Spending the day at the library, wandering in and out of the stacks, and talking with the librarians is my idea of a perfect day. Nothing can replace the fun of chatting with the librarians. They are the most helpful, insightful, excited readers I know. But at the times they aren't available - and you want to sneak in some of that library quiet at home - the online catalog can fill the gap.
For some reason, Terry and I have come across quite a few articles lately for parents on encouraging young readers. Since I had several articles stacked up, I decided to share them with you this week. I'll be back next week with Tip #2 in my new Tips for Growing Bookworms series (Tip #1 is here). But for now, here are ideas from a variety of smart people across the blogs and the press.
The Book Chook, Susan Stephenson, shared a fun post about the "sheer pleasure" of playing with language. She said: "Children are hard wired to enjoy nonsense, (as are Book Chooks!) and playing with language is something they take to immediately. From early peek-a-boo and finger rhymes, through nursery rhymes, poems and songs, we are exposing our kids to new vocabulary, and the rhythms of language, as well as reinforcing the sheer pleasure of messing about with words." She then suggested several fun wordplay activities for parents and their children.
The Eden Prairie (MN) News recently shared tips from Heather Peterson for motivating "reluctant readers". For example, "Family reading time. Families read together - either aloud or silently, either the same book or separate books. It is a time when adults model good reading habits for their children."
The FirstBook blog published a guest post from Tina Chovanec, the director of Reading Rockets.org, chock full of suggestions for helping "parents jumpstart reading and learning together". I especially liked "Game night. Start a new weekend tradition centered around family games. Rediscover classics like Memory, Scattergories, or Scrabble, or explore something new."
At Moms Inspire Learning, Dawn Morris suggested that an important way for parents to raise literate children is by listening. She said: "Before children learn to read or write, they first need to listen to what people are saying and respond in an appropriate manner. The more they are spoken with and read to, the greater the chances that they will grow into active listeners, speakers, and storytellers. THEN they can become the strong independent readers and writers we so want them to be." She also included some concrete suggestions for more active listening and support of literacy development.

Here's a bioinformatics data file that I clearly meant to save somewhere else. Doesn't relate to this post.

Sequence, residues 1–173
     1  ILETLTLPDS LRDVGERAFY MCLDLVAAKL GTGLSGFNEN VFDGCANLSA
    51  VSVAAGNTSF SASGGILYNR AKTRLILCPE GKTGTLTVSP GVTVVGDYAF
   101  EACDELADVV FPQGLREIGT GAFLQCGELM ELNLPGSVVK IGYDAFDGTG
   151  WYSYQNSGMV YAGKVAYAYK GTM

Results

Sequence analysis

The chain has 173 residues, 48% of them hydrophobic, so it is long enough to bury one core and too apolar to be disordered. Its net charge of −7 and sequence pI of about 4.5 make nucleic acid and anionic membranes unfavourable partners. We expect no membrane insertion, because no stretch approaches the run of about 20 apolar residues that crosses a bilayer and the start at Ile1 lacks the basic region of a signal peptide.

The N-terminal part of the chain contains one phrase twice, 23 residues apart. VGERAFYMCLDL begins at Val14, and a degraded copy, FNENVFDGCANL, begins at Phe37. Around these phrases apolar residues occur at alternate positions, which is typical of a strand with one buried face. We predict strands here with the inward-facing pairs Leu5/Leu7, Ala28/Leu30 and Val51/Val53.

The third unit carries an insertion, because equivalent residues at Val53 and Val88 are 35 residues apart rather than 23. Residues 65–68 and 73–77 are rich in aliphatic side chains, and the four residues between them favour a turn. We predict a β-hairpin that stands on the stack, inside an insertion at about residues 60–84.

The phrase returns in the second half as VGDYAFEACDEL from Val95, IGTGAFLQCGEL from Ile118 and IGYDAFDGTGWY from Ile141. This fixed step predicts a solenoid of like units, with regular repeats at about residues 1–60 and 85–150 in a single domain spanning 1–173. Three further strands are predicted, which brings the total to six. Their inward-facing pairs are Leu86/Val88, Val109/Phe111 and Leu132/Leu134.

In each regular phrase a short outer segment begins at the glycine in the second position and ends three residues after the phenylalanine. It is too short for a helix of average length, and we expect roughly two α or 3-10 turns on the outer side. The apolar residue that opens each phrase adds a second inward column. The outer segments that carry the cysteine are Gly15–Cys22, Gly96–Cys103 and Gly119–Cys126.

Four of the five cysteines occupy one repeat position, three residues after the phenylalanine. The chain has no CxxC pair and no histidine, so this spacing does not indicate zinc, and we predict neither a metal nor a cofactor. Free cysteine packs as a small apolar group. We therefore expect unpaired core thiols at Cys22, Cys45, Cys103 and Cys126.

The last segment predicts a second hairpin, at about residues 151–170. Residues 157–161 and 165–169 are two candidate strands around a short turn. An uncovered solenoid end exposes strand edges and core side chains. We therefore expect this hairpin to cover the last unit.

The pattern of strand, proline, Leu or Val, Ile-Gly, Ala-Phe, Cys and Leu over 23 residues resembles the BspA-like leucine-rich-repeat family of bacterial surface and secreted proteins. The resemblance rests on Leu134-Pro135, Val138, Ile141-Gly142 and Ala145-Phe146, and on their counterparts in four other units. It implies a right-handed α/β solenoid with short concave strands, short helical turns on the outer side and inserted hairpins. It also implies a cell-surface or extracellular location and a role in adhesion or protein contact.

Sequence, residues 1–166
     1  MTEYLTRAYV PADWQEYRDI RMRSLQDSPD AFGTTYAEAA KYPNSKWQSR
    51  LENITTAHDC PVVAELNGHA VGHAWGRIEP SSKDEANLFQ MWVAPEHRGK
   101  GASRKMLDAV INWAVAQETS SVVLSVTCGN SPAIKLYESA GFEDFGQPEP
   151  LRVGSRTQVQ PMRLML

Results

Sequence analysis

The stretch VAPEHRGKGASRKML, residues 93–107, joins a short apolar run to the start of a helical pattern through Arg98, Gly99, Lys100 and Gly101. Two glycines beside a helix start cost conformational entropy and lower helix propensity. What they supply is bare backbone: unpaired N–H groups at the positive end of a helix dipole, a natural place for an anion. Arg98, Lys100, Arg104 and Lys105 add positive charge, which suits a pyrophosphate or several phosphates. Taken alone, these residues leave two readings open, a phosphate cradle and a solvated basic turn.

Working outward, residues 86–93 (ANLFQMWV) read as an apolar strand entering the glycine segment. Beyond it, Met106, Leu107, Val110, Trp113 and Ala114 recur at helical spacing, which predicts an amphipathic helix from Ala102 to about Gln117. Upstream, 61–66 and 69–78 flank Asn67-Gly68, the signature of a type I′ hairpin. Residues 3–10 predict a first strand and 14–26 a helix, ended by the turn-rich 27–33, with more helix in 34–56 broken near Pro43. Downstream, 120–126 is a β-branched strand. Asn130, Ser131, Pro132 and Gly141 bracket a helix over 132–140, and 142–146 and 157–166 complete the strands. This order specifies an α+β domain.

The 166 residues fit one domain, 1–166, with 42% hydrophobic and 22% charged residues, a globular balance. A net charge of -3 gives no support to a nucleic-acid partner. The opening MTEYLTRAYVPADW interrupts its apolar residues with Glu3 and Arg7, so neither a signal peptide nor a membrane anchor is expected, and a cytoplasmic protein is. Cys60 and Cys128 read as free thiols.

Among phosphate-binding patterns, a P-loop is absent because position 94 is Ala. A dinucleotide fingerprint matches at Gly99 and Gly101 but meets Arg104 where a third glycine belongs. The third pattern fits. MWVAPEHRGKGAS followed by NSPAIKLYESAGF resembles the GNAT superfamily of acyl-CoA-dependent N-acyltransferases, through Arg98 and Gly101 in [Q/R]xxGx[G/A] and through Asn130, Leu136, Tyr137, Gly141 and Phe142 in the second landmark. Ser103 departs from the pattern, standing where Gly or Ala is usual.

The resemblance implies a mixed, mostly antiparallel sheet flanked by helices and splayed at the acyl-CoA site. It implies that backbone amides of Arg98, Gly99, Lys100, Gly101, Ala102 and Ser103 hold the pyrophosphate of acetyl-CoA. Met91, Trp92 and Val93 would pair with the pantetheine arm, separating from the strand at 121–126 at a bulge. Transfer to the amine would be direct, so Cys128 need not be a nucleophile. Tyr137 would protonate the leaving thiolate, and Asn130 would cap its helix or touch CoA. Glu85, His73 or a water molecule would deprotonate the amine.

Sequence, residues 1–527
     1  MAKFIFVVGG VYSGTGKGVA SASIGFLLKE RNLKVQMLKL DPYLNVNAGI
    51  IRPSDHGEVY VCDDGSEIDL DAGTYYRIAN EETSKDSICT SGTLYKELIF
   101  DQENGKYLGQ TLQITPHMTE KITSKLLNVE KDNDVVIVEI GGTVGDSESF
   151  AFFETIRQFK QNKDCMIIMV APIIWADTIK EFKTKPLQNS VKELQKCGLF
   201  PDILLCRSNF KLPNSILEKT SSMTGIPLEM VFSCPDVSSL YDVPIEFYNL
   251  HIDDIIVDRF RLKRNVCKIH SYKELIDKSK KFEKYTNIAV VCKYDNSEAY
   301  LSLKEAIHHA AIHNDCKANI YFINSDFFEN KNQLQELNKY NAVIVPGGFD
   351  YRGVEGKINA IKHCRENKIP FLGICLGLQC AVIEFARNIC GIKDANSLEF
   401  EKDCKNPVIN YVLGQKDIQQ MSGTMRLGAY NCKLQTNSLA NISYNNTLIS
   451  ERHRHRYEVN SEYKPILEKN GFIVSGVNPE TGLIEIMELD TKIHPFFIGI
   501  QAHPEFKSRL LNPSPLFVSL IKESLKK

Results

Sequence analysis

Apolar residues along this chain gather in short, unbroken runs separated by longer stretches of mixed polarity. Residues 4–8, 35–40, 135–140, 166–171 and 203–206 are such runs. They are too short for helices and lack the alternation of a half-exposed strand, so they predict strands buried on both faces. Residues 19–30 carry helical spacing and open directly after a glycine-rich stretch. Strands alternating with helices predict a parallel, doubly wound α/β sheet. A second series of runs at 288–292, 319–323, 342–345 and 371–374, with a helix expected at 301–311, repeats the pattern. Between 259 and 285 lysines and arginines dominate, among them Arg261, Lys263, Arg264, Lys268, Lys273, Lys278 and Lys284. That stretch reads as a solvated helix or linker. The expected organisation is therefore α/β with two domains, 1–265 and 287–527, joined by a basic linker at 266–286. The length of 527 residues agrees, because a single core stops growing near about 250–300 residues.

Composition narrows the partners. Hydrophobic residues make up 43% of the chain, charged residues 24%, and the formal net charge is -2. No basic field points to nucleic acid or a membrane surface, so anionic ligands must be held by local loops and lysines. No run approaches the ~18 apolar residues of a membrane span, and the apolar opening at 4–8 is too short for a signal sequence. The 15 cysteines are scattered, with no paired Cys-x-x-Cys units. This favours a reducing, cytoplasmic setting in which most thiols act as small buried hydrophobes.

The Bolingbrook Sun published an article with simple steps for parents to help students read better. The author (no name was listed) focused on helping kids improve their reading comprehension by asking them frequent questions, and thus teaching them to think critically about what they're reading. I think this makes sense, to a point, as long as you don't stop and ask so many comprehension questions that you make the whole thing feel like work. The author added: "Experts suggest that what they read is not as important as the fact that they read. Encourage her to read often from a variety of resources; books, magazines and newspapers, just get them reading! Let them see you read as well. Children learn to value what the caring adults in their lives value. If they see you reading, they may be more willing to read regularly, too." (All of which you know I agree with.)
In a related vein, at Parents and Kids Reading Together, Cathy Puett Miller shared resources to help parents find the right books for their children. The column placed particular emphasis on resources for gifted readers, but the author said that "many of the resources here will also be terrific for all families, with children of all ages so read on and see what you can find that works for your child." Here's a snippet, "Remember that you are the commercial for reading and that motivation is an important indirect component." Cathy also included lists of book recommendations, including "books under the 9-12 year area that are "safe" content for younger children."
Finally, The Hindu Newspaper's Magazine section published yesterday a detailed, thoughtful article for parents about the benefits of raising readers, and ways to do so even in today's digitally-saturated environment. Aruna Sankaranarayanan wrote "Reading can give children analytical skills in this age of information overload. As another Children's Day comes around what can we do to foster this habit". She concluded: "For India to achieve 100 per cent literacy in the fullest sense, it is not enough to simply teach the mechanics of reading and writing. Ultimately, literacy informs a way of life. Instead of children reading under pressure, we should strive to be a nation full of children reading for pleasure." Of course, her ideas apply to children everywhere, not just in India.